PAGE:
Frontiers for Young Minds
We all get stressed. To deal with that stress, some of us may exercise, take a bubble bath, cry, or simply leave the stressful situation. But how can you cope with stress if you are rooted in place? Plants that live in estuaries are exposed to many types of stresses from the environment, including flooding, high salt levels, low soil oxygen, and waves. Fortunately, wetland plants have developed ways to survive within these conditions, from excreting salt, to growing faster, to even breaking down cell walls to maximize air flow. Plants can tolerate different levels of stress depending on their age and species. Knowing how plants react to stress is important for our understanding of nature and for managing important environments, like wetlands! This article explores how plant species in the San Francisco Estuary react to stress and how we can use knowledge about plant stress responses to protect wetlands.
© 2021 Sloey.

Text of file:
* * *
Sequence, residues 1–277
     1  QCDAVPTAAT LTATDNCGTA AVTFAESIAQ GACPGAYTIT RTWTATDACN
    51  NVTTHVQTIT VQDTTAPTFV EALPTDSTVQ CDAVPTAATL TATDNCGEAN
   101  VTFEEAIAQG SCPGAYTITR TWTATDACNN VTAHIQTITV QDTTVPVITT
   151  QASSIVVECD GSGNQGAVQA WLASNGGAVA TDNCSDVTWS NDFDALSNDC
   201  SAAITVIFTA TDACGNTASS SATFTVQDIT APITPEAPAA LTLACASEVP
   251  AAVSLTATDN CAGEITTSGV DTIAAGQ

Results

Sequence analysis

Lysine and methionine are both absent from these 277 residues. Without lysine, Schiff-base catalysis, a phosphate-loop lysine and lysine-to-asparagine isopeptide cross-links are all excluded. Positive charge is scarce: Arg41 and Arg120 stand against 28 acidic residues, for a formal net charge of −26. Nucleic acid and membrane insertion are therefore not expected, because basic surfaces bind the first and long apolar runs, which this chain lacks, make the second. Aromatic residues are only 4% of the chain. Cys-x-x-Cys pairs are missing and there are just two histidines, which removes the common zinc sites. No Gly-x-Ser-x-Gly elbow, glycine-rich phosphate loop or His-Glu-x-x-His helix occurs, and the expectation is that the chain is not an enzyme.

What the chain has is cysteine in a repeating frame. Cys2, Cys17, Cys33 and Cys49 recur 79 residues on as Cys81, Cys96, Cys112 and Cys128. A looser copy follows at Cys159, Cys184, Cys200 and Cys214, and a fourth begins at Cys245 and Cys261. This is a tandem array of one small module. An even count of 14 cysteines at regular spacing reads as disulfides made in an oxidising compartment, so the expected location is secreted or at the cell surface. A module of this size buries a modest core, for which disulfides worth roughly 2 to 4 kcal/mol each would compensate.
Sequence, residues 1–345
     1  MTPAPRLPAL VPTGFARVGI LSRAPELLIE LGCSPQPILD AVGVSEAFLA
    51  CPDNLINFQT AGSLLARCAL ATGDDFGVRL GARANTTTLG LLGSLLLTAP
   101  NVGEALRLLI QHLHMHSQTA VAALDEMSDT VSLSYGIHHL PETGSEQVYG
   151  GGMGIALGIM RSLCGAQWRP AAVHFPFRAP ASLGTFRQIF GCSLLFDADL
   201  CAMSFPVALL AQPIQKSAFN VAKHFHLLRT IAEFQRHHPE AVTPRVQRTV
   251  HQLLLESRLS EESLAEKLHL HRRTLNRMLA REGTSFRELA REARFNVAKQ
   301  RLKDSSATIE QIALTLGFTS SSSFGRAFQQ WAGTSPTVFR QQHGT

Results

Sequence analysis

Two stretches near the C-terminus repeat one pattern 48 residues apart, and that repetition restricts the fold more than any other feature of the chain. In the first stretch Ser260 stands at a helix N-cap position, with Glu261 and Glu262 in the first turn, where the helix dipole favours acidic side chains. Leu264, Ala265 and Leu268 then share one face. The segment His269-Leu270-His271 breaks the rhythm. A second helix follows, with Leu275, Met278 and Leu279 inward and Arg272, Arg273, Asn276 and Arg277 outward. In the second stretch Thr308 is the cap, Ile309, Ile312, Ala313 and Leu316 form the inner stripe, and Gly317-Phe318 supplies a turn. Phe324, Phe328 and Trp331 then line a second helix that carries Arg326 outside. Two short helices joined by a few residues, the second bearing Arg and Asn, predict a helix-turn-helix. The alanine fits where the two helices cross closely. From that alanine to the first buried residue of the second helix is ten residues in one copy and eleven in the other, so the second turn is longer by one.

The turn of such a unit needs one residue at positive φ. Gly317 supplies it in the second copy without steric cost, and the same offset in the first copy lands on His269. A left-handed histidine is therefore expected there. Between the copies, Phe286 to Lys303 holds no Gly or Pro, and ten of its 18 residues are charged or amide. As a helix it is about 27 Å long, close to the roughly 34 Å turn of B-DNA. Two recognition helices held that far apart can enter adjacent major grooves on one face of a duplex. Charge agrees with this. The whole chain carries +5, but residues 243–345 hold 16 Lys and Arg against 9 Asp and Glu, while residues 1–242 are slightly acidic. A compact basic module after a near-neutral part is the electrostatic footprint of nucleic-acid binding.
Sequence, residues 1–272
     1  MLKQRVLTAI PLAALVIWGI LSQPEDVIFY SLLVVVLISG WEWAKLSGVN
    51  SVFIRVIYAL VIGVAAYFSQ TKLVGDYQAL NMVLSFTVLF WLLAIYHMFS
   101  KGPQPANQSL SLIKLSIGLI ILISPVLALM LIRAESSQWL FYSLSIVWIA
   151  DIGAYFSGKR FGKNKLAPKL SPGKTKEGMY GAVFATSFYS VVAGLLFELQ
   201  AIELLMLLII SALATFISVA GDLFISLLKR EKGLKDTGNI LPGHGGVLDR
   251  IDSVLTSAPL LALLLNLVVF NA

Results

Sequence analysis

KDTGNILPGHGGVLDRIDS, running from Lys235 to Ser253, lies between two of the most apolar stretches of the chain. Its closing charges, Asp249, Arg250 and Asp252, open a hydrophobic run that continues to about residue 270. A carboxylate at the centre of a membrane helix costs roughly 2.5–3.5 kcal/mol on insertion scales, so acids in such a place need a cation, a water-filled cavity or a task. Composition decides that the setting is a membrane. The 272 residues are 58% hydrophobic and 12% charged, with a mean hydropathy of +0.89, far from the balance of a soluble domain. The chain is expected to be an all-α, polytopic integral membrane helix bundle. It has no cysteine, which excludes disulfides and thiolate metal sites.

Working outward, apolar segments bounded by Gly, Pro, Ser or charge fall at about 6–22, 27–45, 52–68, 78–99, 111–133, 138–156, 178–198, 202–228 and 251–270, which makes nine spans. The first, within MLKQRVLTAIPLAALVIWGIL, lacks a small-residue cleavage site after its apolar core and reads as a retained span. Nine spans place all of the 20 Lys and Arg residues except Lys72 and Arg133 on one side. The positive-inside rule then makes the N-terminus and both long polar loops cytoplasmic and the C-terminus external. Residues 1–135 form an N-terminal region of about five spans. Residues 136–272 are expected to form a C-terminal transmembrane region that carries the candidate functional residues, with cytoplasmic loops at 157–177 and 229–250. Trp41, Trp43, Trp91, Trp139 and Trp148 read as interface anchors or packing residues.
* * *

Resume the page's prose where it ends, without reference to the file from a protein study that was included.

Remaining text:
This is an open-access article distributed under the terms of the Creative Commons Attribution 4.0 International License (CC BY 4.0). The use, distribution or reproduction in other forums is permitted, provided the original author(s) and the copyright owner(s) are credited and that the original publication in this journal is cited, in accordance with accepted academic practice. No use, distribution or reproduction is permitted which does not comply with these terms.
Original Publication Citation
Sloey, T. M. (2021). How wetland plants deal with stress. Frontiers for Young Minds, 9, 1-7, Article 611887. https://doi.org/10.3389/frym.2021.611887
Sloey, Taylor M., "How Wetland Plants Deal with Stress" (2021). Biological Sciences Faculty Publications. 518.